With the increase of internet fraud it has become even more important that everyone who uses the internet be aware of the various ways someone can obtain your personal information without your knowledge or consent. Thus we have gathered some information in order to help you identify and detect "phishing" scams, spoofed sites, advance fee frauds, and spyware, while you are conducting business using the internet.
What is Phishing?
Phishing is a type of deception used to steal your identity. In a phishing scam, a malicious person tries to get information like credit card numbers, passwords, account information, or other personal information from you by convincing you to give it to them under false pretenses. Phishing schemes usually come via spam email or pop-up windows.
How Do You Protect Yourself from Phishing?
- Never respond to requests for personal information via email.
- Visit Web sites by typing the URL into your address bar.
- Check to make sure the Web site is using encryption by checking the certificate (the padlock at the bottom of the screen), double click on it and the Issued To Name should match the site you are on. Also check the expiration date of the certificate.
- Routinely review your credit card and bank statements.
- Report suspected abuses to the proper authorities.
What the Bank of Weston Does
- Ask you to sign on by entering your User ID and Password.
- Provide you with links to useful information for banking, educational, and recreational purposes. These links are for your convenience and you can always type in our URL directly.
- Ask you to call us directly when giving sensitive information or to secure e-mail us from our site.
- Utilize watermarks, behavioral monitoring software, and challenge questions in order to make your online banking experience as secure as possible.
What the Bank of Weston Doesn't Do
We do NOT:
- Send urgent or time-sensitive emails or ask for your personal information such as SSN, PIN, ATM/Debit card number, or credit card number and expiration date.
- Require you to enter anything other than your User ID and Password to sign onto the Bank of Weston site.
- Ask you to provide personal information for your security by e-mail.
- Send an email with input fields that ask you for sensitive information.
What Is Spoofing?
Spoofing attacks are commonly used in conjunction with phishing. Emails sent with links in them directing you to a spoof site are often misspelled or contain a sense of urgency. The spoofed site is usually designed to look like the legitimate site, sometimes using components from the legitimate site like all or part of a real company's name.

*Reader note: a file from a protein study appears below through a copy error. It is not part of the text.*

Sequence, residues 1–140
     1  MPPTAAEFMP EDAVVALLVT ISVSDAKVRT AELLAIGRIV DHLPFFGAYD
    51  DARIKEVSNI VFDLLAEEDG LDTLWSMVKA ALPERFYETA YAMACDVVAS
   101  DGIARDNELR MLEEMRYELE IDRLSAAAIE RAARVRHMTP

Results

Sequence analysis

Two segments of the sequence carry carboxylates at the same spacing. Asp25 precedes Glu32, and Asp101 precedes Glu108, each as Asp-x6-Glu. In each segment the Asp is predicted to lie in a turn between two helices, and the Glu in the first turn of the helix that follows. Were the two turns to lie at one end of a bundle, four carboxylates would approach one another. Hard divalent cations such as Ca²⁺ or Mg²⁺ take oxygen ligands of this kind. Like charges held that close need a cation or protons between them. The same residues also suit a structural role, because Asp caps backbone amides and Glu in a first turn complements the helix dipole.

The best way to verify whether you are at a spoofed site is to verify the certificate. Keep in mind that there are several ways to get the address bar in a browser to display something other than the site you are on.
You can contact the Federal Trade Commission when you think that you have encountered a phishing email or a spoof site at 1-877-FTC-HELP (382-4357).
What Are Advance Fee Frauds?
An advance fee fraud is a scam that hooks you with the false promise of large sums of money with little or no effort on your part. Once you're deeply involved in the scam, you're asked to pay certain amounts of money to expedite the process. You end up not making a dime and in some cases owing your financial institution the money used to expedite the process. In the U.S., advance fee frauds are investigated by the United States Secret Service.
Here are a few examples of the most popular advance fee frauds:
- A foreign government official would like your assistance in transferring funds and will pay you a hefty commission if you agree.
- You stand to inherit millions of dollars from a relative you don't remember.
- You've won a prize or a lottery (perhaps one from a foreign country) that you don't remember entering.
To report an advance fee fraud to the Kansas City United States Secret Service office, call 816-460-0600.
What is Spyware?
Spyware is a general term used for software that performs certain behaviors such as advertising, collecting personal information, or changing the configuration of your computer, generally without appropriately obtaining your consent.
Here a few ways to tell if you are a victim of spyware:
- You see pop-up advertisements even when you're not on the web.
- The page your web browser first opens to (your home page) or your browser search settings have changed without your knowledge.
- You notice a new toolbar in your browser that you didn't want, and find it difficult to get rid of.
- Your computer takes longer than usual to complete certain tasks.
- You experience a sudden rise in computer crashes.
You can take several steps to prevent spyware:
- Keep your browser and operating system software updated.
- Adjust your Internet Explorer or Netscape Web browser's security settings.
- Use a firewall.
- Search and download from trusted sites.
Most Internet Service Providers (ISP) offer technical support to assist you with browser configurations. However, should you have questions regarding what the Bank of Weston requests or requires for a safe and secure connection, please feel free to contact our Online Banking Department at (816) 858-5900.